- Project plans
- Project activities
- Legislation and standards
- Industry context
Last edited 06 Mar 2018
Bonds v guarantees
Increasingly in the current economic climate, employers, whether domestic or international, are demanding protection against default from contractors and consultants. Seldom were consultants ever required to give such protection to employers, but now particularly for international and public sector clients bonds and guarantees are featuring commonly in the menu of project requirements.
The first thing to bear in mind is that the name of the document can be misleading and does not necessarily accurately describe the nature of document. It is the content of the document that is key. Bonds and guarantees are forms of security that accompany contractual obligations (either building contracts or consultancy agreements), and are based on either primary or secondary obligations.
Examples of primary obligation bonds are simple or on-demand bonds or demand guarantees, where the bondsman pays an amount of money set out in the bond immediately on demand in writing without any preconditions, including the contractor’s liability. On-demand bonds tend to be common in international projects but are rarely seen in the UK. They are generally resisted where possible because of their draconian nature.
Secondary obligation instruments normally comprise guarantees, including parent company guarantees (PCG), or conditional bonds and the bondsman is only liable where a breach of contract has occurred, for example, the contractor is in breach of contract. Due to their nature they are more common in the domestic construction market, and contractors are more likely to provide such forms of security than the on-demand variety.
For employers deciding between the two, various considerations must be assessed including the cost of procuring them, where a bond has a direct impact on the tender price, but a parent company guarantee may not.
Recent cases have assisted in distinguishing between the two forms of security, but of course there are no guarantees the bondsman (or the surety) will meets its liability under the bond should it be called in. The Court of Appeal case of Aviva Insurance Limited v Hackney Empire Limited  EWCA Civ 1716 provided useful guidance on the court’s approach to circumstances where a bondsman’s liability under the bond might be discharged.
In this case, Hackney Empire (‘Hackney’) had engaged a contractor under a JCT 1998 traditional building contract to undertake renovation works to the old Hackney Empire. The contractor obtained a performance bond from Aviva in favour of Hackney for £1.1m. The contractor fell into delay claiming extensions of time and loss and expense and Hackney faced with the dilemma as to whether to leave the contractor to struggle with financial difficulties and late completion, made advance payments to aid its cash flow and enable prompt completion. These payments were made under a separate side agreement between Hackney and the contractor. Unfortunately, the contractor went into administration and Hackney called in the bond.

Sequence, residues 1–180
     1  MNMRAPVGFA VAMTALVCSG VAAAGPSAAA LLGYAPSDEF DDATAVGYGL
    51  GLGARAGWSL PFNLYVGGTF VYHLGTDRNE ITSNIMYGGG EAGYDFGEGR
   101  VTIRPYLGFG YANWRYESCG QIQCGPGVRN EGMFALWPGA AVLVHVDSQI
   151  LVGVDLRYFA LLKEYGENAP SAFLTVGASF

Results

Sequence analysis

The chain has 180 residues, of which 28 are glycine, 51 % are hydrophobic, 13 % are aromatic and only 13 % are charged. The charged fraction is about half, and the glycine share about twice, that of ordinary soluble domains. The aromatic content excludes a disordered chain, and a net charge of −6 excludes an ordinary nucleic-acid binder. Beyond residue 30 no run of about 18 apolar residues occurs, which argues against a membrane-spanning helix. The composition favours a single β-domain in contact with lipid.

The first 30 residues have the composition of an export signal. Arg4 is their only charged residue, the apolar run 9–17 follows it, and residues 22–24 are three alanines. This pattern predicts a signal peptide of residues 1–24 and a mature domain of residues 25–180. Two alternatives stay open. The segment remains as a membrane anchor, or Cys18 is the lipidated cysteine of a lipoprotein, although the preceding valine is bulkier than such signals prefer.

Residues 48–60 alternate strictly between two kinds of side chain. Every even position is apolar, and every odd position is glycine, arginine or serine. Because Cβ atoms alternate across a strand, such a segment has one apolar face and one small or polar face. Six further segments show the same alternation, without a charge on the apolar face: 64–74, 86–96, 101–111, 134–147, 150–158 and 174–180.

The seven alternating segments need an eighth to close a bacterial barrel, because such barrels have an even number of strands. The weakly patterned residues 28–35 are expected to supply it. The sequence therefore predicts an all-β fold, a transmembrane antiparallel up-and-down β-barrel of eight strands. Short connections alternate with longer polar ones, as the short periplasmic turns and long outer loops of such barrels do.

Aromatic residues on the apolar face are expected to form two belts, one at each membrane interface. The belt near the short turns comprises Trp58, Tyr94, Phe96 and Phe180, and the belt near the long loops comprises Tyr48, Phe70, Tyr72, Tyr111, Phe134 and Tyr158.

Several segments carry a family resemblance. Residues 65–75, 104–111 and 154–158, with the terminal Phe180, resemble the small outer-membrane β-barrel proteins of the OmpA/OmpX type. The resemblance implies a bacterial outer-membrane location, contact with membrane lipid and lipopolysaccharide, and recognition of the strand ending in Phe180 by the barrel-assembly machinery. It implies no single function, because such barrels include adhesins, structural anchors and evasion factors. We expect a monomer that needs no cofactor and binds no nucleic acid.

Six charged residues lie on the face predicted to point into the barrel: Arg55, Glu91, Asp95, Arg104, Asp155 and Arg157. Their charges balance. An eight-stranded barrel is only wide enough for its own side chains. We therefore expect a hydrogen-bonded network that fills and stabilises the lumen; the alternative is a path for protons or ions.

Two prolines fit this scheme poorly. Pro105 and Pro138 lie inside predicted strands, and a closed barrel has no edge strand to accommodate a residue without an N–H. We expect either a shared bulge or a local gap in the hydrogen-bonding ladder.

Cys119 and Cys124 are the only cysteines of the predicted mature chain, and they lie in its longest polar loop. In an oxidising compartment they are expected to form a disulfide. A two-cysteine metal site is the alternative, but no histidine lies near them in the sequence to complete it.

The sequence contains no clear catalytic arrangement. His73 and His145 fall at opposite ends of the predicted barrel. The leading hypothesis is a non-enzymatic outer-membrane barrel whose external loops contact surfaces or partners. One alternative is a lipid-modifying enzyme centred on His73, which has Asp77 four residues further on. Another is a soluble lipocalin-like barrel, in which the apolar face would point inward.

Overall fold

Aviva resisted payment due to Hackney’s advance payments to the contractor which it claimed discharged it from liability under the bond. The matter reached the Court of Appeal where it was decided that Aviva’s liability as bondsman was not discharged by the advance payments and it remained liable to Hackney for the full amount of the bond. Interesting findings arose from the court’s decision as to circumstances where a surety may be discharged:
- (i) Where parties to a contract have varied the terms of that contract without the surety’s consent.
- (ii) Advance payments of the contract price paid by an employer to a contractor may discharge the surety, but additional payments (e.g. a gift/loan) to the contractor falling outside the terms of the original contract do not discharge the surety’s liability.
- (iii) The surety is not released from liability arising from contractual variations or advance payments if (a) he specifically consented to what was done or (b) the contract contained an indulgence clause.
The court’s reasoning fell within (ii) above in that the advance payments made to the contractor were outside the terms of the original contact and for extraneous reasons; the payments were not part of the original contract sum nor were they certified as due by the architect. Aviva’s liability as surety only related to the original building contract.
Practically, the safe course may be to ensure explicit consent is obtained from a surety if advance payments are considered and an appropriately drafted indulgence clause in the contract. Such clauses recognise potential variations to the contract and maintain the surety’s liability in these instances.
 Find out more
 Related articles on Designing Buildings Wiki
- Advance payment bond.
- Appointing consultants.
- Bid bond.
- Breach of contract.
- Collateral warranties.
- Construction contract.
- Contractors' all-risk insurance.
- Modifying clauses in standard forms of contract.
- Parent company guarantee.
- Performance bonds.
- Professional Indemnity Insurance clause in conditions of engagement
- Professional indemnity insurance.
- Retention bond.
- What is a default?
- Wuhan Guoyu Logistics Group Co Ltd & Anr v Emporiki Bank of Greece SA (2013).
 External references
Featured articles and news
Consider a career in the electrotechnical industry.
Exploring local assets of community significance. Book review.
Wood-burning stoves should not be used in thatch-roofed buildings.
Servitisation, smart systems and connectivity.
What happens to the Construction Products Regulation if there is no Brexit deal.
The first step to long-term prosperity.
The status and rights of employees in construction
Continuing to share environmental best practice
The employee assistance programme EAP
HMRC's Construction Industry Scheme
What 'net-zero emissions' means for civil engineers